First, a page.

A few days away from Independence Day, celebrations are still a distant thought in the morose atmosphere of the city amid the persistent violence plaguing the metropolis, tensions over the flood crisis, and memories of the recent Margalla Hills plane crash.
Sheikh Nisar Ahmed, a flag maker who has been in the business since 1985, says people are hardly thinking about the August 14 celebrations, consumed with concerns over the spate of target killings, rising prices of commodities during Ramazan, the recent plane crash and the flood situation.
Fondly called the ‘parcham wala’, Ahmed clearly recalls the historic day when he displayed the world’s largest flag and made it to the Guinness Book of World Records on August 14, 2004, beating the US record.
“The ground of the National Stadium was covered by our flag and there wasn’t even space to walk,” he said, swelling with pride. “And we completed the flag in just 13 days.”
The largest flag of Pakistan that measures 340ft x 510ft ie 173,400 sq. ft broke the Guinness World record of the American super flag, which was 255ft x 505ft.
However, this record was later broken on November 25, 2007 by an Israeli flag that had a total area of 18,843 m² (202,823.55 ft²).
He said though this is the peak time of flag sales in the city, the business this time is 50 per cent slower than its usual pace.
“The business is slow and people don’t appear as patriotic or enthusiastic about the day,” he regretted.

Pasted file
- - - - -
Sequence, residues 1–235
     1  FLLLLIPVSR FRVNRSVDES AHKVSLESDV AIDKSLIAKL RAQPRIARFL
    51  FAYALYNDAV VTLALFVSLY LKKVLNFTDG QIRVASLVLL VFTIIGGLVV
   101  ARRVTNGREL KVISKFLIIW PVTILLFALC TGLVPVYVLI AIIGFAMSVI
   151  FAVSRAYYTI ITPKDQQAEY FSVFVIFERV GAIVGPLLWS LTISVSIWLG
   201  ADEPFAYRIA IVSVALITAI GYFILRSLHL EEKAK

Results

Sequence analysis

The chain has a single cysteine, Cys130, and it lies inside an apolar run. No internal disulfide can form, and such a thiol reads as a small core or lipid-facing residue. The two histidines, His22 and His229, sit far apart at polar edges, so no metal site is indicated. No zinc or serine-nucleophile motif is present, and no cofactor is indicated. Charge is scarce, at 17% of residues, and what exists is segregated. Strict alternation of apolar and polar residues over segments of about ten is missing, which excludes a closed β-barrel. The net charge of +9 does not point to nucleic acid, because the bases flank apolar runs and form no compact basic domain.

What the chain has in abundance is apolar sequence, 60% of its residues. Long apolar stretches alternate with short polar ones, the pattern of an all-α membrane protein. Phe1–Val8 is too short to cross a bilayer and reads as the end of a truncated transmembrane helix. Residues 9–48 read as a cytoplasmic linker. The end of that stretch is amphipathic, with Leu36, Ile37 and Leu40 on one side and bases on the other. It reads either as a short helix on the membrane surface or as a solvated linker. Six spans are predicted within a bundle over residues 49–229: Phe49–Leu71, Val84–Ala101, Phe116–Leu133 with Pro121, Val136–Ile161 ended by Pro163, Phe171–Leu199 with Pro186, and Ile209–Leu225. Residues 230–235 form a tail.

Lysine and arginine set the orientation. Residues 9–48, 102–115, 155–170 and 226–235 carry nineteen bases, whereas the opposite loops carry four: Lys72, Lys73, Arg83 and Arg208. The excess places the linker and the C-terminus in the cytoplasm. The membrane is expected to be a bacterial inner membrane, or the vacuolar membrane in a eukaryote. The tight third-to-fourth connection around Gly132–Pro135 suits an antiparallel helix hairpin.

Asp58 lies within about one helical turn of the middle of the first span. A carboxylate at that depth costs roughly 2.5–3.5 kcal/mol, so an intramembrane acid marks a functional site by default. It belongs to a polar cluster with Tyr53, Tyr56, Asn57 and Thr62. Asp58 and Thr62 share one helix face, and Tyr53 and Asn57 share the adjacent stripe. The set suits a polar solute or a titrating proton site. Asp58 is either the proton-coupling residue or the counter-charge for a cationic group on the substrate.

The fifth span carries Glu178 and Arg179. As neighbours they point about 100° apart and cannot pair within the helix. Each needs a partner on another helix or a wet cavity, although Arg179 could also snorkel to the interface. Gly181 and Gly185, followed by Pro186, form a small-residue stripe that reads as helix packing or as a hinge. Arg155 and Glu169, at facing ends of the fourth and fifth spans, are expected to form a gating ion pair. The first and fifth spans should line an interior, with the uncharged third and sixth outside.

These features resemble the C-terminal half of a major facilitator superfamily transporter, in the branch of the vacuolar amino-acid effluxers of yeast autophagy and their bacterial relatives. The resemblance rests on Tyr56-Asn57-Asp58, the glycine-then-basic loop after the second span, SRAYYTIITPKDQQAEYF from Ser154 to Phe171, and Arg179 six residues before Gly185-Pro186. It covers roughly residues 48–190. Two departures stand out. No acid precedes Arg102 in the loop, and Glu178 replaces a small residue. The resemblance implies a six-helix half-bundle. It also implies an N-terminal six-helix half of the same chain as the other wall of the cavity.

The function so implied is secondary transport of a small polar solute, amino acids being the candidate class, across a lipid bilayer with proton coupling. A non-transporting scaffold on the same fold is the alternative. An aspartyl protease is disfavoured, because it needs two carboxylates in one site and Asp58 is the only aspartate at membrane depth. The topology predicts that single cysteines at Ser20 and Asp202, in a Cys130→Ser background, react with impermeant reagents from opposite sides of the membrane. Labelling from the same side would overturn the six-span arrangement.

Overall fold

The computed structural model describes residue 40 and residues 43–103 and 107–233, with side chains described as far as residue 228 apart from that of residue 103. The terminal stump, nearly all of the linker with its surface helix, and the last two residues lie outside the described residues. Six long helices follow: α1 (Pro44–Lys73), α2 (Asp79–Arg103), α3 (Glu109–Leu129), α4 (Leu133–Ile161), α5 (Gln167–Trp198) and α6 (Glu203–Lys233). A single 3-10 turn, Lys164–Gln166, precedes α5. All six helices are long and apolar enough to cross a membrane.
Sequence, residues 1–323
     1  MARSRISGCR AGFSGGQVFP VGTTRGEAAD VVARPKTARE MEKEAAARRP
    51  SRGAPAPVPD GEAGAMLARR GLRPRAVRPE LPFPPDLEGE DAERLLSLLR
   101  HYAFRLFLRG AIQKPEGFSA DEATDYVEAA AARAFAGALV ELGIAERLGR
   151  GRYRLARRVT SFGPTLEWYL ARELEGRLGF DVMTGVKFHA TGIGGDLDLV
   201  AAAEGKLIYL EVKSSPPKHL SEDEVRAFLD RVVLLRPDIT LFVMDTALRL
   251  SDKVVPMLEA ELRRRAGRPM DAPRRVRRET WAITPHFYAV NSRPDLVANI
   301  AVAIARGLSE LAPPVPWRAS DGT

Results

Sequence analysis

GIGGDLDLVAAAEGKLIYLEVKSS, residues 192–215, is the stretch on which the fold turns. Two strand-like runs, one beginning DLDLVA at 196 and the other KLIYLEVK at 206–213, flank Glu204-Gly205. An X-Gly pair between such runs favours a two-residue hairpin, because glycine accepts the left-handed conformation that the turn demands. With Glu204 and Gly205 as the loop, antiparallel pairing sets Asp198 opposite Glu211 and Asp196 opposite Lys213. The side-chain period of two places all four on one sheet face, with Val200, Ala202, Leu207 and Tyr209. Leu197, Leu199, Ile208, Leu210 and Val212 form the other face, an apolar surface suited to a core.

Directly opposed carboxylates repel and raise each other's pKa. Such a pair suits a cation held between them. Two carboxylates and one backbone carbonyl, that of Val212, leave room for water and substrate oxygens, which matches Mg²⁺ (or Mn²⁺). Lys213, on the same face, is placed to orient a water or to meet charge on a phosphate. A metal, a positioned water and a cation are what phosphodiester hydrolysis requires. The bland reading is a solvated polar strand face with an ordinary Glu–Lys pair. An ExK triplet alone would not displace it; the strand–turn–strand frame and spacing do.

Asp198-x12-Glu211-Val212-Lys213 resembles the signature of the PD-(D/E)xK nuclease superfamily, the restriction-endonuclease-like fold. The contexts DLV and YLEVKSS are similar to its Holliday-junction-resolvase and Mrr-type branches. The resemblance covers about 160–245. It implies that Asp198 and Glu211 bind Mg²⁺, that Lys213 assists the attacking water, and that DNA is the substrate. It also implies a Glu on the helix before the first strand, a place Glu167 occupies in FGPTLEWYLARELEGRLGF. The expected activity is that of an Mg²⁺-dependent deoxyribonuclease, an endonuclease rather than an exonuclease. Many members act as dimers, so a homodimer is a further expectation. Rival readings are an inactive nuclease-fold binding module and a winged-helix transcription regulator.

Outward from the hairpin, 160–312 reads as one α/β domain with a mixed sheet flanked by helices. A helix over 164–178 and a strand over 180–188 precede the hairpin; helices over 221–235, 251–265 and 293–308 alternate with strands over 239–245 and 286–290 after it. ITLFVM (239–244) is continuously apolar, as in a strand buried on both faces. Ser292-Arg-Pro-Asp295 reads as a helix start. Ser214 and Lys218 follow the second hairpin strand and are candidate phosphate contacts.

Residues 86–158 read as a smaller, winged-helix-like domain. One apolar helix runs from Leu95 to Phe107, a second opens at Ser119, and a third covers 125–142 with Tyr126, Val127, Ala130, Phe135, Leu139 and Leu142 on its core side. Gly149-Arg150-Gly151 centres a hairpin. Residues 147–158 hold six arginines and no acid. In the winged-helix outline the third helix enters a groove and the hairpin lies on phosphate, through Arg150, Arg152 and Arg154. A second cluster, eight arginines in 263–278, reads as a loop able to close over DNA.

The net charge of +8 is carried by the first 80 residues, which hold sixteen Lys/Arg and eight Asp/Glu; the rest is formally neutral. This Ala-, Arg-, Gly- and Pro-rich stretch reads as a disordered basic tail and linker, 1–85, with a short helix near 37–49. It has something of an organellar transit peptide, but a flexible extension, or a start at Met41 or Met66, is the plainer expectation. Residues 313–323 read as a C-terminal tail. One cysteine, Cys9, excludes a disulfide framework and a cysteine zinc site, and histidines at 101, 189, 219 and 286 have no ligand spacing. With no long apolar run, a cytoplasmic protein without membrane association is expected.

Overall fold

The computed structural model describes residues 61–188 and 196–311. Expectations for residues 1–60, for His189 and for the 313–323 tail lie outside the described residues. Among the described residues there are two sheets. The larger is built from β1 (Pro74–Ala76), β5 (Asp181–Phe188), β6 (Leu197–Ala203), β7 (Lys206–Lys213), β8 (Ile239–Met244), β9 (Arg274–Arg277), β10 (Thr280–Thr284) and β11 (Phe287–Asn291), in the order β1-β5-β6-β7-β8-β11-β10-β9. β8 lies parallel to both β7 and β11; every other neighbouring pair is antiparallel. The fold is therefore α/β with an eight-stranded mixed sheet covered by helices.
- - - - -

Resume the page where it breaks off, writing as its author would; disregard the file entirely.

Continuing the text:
“Although our company clients have placed orders for big flags, the general mood of the public reflects that the passion is not there,” he said. “Somehow, even children don’t seem excited.”
“People are caught up with so many tensions, they are not interested in buying flags and badges for the Independence Day,” said a flag vendor in Saddar. He said business has been dull so far, with hardly any customers turning up at his stall.
“It’s the children who celebrate the day as they are unaware of the gloom that surrounds us,” said Shaukat. “We elders have too much to worry about for now.”
He said even though he and his family remained safe during the unrest in the city, they were trapped at home. “There wasn’t much fuel in my car and the petrol pumps were closed. I had no other option but to skip office,” he said.
Thirty-two-year-old Assam Shan, who never forgets to hoist the national flag at his house in Clifton every year, says he is just not in the mood this time. “When you see people dying everywhere, it dampens the feelings of patriotism,” he said.
“The Independence Day is about patriotism that is evoked by thinking about the good things about the country but they seem to be missing at this point of time,” says Adeeba Khan, a primary class teacher in the Beaconhouse school. “Children should be told good things about their country, but I am afraid there is nothing much to tell them on this Independence Day,” she said.
Published in The Express Tribune, August 9th, 2010.
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